Asked by: Gianpiero Zabalza-Irisarriscience space and astronomy
How do you translate points on a graph?
Last Updated: 25th April, 2020
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Similarly, you may ask, what is the formula for translation?
In the coordinate plane we can draw the translation if we know the direction and how far the figure should be moved. To translate the point P(x,y) , a units right and b units up, use P'(x+a,y+b) .
Additionally, how do transformations work? A function transformation takes whatever is the basic function f (x) and then "transforms" it (or "translates" it), which is a fancy way of saying that you change the formula a bit and thereby move the graph around. Moving the function down works the same way; f (x) – b is f (x) moved down b units.
Hereof, what is an image point?
Reflection - of a point The given point P is "reflected" in the mirror and appears on the other side of the line an equal distance it. The reflection of the point P over the line is by convention named P' (pronounced "P prime") and is called the "image" of point P.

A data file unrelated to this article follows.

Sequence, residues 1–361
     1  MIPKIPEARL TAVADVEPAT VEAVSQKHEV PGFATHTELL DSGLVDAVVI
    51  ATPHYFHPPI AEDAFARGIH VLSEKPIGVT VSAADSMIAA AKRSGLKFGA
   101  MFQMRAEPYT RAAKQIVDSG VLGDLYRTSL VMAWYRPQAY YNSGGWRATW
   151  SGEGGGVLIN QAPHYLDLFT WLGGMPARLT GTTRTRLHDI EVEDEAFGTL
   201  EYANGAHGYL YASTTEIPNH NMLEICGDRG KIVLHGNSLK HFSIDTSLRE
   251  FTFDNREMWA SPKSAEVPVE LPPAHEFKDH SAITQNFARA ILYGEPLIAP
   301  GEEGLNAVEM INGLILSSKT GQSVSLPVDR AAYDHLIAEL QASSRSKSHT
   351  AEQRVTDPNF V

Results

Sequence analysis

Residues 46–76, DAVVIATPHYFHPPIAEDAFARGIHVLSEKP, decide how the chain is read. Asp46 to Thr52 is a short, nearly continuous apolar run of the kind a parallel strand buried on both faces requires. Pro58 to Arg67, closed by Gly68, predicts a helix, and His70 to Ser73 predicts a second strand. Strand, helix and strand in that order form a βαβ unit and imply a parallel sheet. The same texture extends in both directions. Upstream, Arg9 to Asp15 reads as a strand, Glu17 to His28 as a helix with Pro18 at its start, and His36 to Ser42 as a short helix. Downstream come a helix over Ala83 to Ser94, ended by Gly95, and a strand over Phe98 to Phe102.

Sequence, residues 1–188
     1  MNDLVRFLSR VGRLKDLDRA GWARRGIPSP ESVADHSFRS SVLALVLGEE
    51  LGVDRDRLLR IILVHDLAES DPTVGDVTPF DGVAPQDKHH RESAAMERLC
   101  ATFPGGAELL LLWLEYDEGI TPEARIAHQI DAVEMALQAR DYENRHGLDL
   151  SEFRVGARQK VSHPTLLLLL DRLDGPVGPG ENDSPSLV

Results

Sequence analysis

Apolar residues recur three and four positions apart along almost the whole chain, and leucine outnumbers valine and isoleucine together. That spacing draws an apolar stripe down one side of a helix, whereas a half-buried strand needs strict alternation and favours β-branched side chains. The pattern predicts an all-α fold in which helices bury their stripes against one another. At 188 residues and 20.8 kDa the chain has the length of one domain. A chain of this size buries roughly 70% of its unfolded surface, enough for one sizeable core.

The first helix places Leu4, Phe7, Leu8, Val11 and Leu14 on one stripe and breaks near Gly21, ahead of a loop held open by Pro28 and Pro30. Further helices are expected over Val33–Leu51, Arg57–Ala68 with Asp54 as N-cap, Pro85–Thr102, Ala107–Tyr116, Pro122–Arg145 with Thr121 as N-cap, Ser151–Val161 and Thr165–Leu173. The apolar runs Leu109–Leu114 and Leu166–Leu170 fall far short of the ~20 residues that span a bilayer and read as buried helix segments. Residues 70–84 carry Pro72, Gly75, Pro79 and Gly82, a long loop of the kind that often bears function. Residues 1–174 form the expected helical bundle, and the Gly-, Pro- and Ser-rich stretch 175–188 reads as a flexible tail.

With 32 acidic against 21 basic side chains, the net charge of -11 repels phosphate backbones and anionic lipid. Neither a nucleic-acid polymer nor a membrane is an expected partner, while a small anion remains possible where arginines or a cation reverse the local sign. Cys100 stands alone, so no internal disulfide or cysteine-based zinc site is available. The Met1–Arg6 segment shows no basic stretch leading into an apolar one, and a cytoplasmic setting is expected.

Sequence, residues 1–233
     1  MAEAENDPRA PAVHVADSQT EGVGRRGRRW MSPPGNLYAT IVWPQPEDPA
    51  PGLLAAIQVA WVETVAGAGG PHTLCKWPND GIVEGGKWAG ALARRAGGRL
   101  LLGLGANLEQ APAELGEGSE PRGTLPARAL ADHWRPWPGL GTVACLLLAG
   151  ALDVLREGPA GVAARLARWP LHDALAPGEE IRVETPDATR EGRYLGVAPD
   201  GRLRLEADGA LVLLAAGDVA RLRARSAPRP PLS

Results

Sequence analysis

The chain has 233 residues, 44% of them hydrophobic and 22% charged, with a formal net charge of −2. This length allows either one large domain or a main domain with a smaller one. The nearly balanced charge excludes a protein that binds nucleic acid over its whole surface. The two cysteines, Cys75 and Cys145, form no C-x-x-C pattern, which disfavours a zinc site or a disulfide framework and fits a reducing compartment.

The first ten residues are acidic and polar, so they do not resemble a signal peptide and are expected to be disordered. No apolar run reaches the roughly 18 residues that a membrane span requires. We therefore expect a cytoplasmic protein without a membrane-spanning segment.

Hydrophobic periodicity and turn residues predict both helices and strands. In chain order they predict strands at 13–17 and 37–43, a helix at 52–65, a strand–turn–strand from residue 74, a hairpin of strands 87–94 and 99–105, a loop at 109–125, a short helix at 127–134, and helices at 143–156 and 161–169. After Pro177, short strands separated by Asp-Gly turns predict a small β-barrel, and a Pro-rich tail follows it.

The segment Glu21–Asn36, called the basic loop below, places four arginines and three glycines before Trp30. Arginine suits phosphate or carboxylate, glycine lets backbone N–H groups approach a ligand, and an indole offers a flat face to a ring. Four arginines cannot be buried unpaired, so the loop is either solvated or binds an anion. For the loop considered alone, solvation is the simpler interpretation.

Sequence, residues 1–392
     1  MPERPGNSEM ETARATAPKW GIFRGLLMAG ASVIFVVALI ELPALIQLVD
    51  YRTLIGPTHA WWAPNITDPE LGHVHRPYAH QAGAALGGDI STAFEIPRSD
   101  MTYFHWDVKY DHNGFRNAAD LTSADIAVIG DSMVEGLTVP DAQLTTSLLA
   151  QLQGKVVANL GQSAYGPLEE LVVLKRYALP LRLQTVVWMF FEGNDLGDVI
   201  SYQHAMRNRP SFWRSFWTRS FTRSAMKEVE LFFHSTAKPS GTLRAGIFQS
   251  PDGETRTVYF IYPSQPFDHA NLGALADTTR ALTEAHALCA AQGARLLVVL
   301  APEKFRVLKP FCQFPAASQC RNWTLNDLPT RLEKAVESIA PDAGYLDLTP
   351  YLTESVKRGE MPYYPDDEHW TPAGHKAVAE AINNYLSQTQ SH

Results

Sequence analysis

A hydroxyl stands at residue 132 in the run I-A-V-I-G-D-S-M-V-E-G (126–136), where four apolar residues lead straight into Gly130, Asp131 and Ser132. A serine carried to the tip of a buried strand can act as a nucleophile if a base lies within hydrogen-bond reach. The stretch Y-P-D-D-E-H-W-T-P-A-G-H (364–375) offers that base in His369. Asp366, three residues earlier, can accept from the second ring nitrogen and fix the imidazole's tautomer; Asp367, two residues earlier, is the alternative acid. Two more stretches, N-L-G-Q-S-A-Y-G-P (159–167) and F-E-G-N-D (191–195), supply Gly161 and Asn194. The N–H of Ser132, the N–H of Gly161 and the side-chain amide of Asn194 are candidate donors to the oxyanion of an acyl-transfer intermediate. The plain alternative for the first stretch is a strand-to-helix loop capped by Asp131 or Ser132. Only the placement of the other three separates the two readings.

How do you transform a function?
The function translation / transformation rules:
- f (x) + b shifts the function b units upward.
- f (x) – b shifts the function b units downward.
- f (x + b) shifts the function b units to the left.
- f (x – b) shifts the function b units to the right.
- –f (x) reflects the function in the x-axis (that is, upside-down).